Photomicrographs of mitochondrial transfer from human MSCs to lung cells in cigarette smoke-exposed rat lung sections under fluorescent microscope. Clara cell secretory protein (CC)-10 labelled red (Alexa Fluor 594) detecting lung epithelial cells, human/rat Complex I labelled green (Alexa Fluor 488) detecting human/rat mitochondria, and human Cox-4 labelled violet (Alexa Fluor 660) detecting human mitochondria only. Colocalization of red and violet signals indicates the adoption of human mitochondria by lung epithelium. (Cover page for American Journal of Respiratory Cell and Molecular Biology, 2014; Volume 51, Issue 3)

Selected Publications

List of Publications

  • Li X, Zhang Y, Liang Y, Cui Y, Yeung SC, Ip MSM, Tse HF, Lian Q, Mak JCW*. iPSC-derived mesenchymal stem cells exert SCF-dependent recovery of cigarette smoke-induced apoptosis/proliferation imbalance in airway cells. J Cell Mol Med. 2016 Sep 19. doi: 10.1111/jcmm.12962. [Epub ahead of print]
  • Grainge C, Thomas PS, Mak JCW, Benton MJ, Lim TK, Ko FW. Year in review 2015: Asthma and chronic obstructive pulmonary disease. Respirology. 2016; 21:765-775.
  • Lui MM, Mak JCW, Lai AY, Hui CK, Lam JC, Lam DC, Ip MS. The impact of obstructive sleep apnea and tobacco smoking on endothelial function. Respiration. 2016; 91:124-31.
  • Lau WK, Cui LY, Chan SC, Ip MSM, Mak JCW*. The presence of serotonin in cigarette smoke – a possible mechanistic link to 5-HT-induced airway inflammation. Free Radic. Res. 2016; 50:495-502.
  • Lee MYK, Wang Y, Mak JCW, Ip MSM. Intermittent hypoxia induces NFκB-dependent endothelial activation via adipocyte-derived mediators. Am. J. Physiol. Cell Physiol. 2016; 310:C446-C455.
  • Lam DC, Chan SC, Mak JCW, Freeman C, Ip MSM, Shum DK. S-maltoheptaose targets syndecan-bound effectors to reduce smoking-related neutrophilic inflammation. Sci Rep. 2015; 5:12945.
  • Li X, Zhang Y, Yeung SC, Liang Y, Liang X, Ding Y, Ip MSM, Tse HF, Mak JCW*, Lian Q. Mitochondrial transfer of induced pluripotent stem cell-derived mesenchymal stem cells to airway epithelial cells attenuates cigarette smoke-induced damage. Am J Respir Cell Mol Biol. 2014; 51:455-65.
  • Han Q, Yeung SC, Ip MSM, Mak JCW*. Cellular mechanisms in intermittent hypoxia-induced cardiac damage in vivo. J Physiol Biochem. 2014; 70:201-13.
  • Han Q, Yeung SC, Ip MS, Mak JCW*. Intermittent hypoxia-induced NF-B and HO-1 regulation in human endothelial EA.hy926 cells. Cell Biochem. Biophys. 2013;66:431-441.
  • Guan S, Tee W, Ng D, Chan T, Peh H, Ho W, Cheng C, Mak JCW, Wong W. Andrographolide protects against cigarette smoke-induced oxidative lung injury via augmentation of Nrf2 activity. Br. J. Pharmacol. 2013;168:1707-1718.
  • Lau WKW, Li X, Yeung DSC, Chan KH, Ip MSM, Mak JCW*. The involvement of serotonin metabolism in cigarette smoke-induced oxidative stress in rat lung in vivo. Free Radic. Res. 2012;46:1413-1419.
  • Chan KH, Chan SCH, Yeung SC, Man RYK, Ip MSM, Mak JCW*. Inhibitory effect of Chinese green tea on cigarette smoke-induced up-regulation of airway neutrophil elastase and matrix metalloproteinase-12 via antioxidant activity. Free Radic. Res. 2012; 46:1123-1129.
  • Ho Y-S, Yang X, Yeung S-C, Chiu K, Lau CF, Tsang AW-T, Mak JC-W, Chang RC-C. Cigarette smoking accelerated brain aging and induced pre-Alzheimer-like neuropathology in rats. PLoS One. 2012; 7:e36752.
  • Lau WKW, Chan SC, Law AC, Ip MS, Mak JCW*. The role of MAPK and Nrf2 pathways in ketanserin-elicited attenuation of cigarette smoke-induced IL-8 production in human bronchial epithelial cells. Toxicol. Sci. 2012; 125:569-577.

List of Publications

External Grant/Projects

  • General Programme, National Natural Science Foundation of China (NSFC) (2014-2017) ‘Therapeutic potential of human induced pluripotent stem cell-derived mesenchymal stem cells (hiPSC-MSCs) on oxidative stress-induced lung injury’ (81370140) – Principal Investigator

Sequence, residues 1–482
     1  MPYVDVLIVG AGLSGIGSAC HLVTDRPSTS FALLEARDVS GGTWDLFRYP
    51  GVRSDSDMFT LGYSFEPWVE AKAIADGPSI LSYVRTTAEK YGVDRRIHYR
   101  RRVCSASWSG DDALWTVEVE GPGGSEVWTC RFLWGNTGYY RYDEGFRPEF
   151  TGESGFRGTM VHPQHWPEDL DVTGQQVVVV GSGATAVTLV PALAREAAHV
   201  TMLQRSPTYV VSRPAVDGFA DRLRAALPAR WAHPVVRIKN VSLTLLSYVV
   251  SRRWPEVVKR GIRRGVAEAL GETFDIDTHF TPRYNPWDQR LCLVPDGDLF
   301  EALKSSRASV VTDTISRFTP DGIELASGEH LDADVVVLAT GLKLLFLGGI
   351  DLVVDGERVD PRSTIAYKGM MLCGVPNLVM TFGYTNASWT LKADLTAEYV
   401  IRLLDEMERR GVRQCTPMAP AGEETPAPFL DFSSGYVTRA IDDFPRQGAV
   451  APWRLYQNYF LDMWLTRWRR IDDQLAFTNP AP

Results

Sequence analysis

• Health and Medical Research Fund (HMRF), Hong Kong (2013-2016) ‘Therapeutic potential of herbal flavonoids in the management of chronic obstructive pulmonary disease’ (11123011) – Co-Investigator
  • General Research Fund (GRF), Research Grant Council (RGC), Hong Kong (2012-2015) ‘Investigating the mechanisms of cigarette smoke-induced disruption of serotonin homeostasis in the airways in vitro and in vivo – relevant to chronic obstructive pulmonary disease’ (773612) – Principal Investigator
  • Research Fund for the Control of Infectious Diseases (RFCID), Hong Kong (2011-2013) ‘Experimental models to study the impact of cigarette smoking on the tropism of the highly pathogenic avian influenza H5N1 virus in human respiratory tract’ (10091162) – Co-Investigator
  • General Research Fund (GRF), Research Grant Council (RGC), Hong Kong (2010-2013) ‘Effects of cigarette smoke on regulation of the expression of adiponectin and its receptors in airway cells’ (774410) – Principal Investigator
  • General Research Fund (GRF), Research Grant Council (RGC), Hong Kong (2008-2011) ‘Effects of intermittent hypoxia and/or cigarette smoking on endothelial injury in vivo – relevant to obstructive sleep apnea’ (771908) – Principal Investigator
  • General Research Fund (GRF), Research Grant Council (RGC), Hong Kong (2007-2010) ‘Exploration of the role of adipocyte fatty acid binding protein in the association of obstructive sleep apnea and metabolic dysfunction’ (766707) – Co-Investigator

Current Team Members

  • Mr Dave SC YEUNG (Technical Officer)
  • Dr Mary YK LEE (Postdoctoral Fellow)
  • Dr Kenneth WK LIU (Postdoctoral Fellow)
  • Dr Winnie YM LIANG (Research Assistant)
  • Miss Grace MQ GE (Research Assistant)
  • Mr Xiang LI (Joint PhD Student)
  • Miss Yang WANG (PhD Student)
  • Miss Louise YT CUI (PhD Student)
  • Miss Crystal YJ HE (PhD Student)

Key Research Collaborators

  • Prof. Daisy KY SHUM, Professor, School of Biomedical Sciences, The University of Hong Kong
  • Dr Raymond CC CHANG, Associate Professor, School of Biomedical Sciences, The University of Hong Kong
  • Dr Michael CW CHAN, Assistant Professor, School of Public Health, The University of Hong Kong
  • Dr Qizhou LIAN, Assistant Professor, Department of Ophthalmology, The University of Hong Kong
  • Dr Catherine K CHIU, Assistant Professor, Department of Ophthalmology, The University of Hong Kong
  • Professor Kian Fan CHUNG, Head of Group for Experimental Studies of Airway Disease, National Heart & Lung Institute (NHLI) @ Imperial College London

Office

8/F, 21 Sassoon Road, Li Ka Shing Faculty of Medicine, Laboratory Block, Faculty of Medicine Building, Hong Kong SAR, China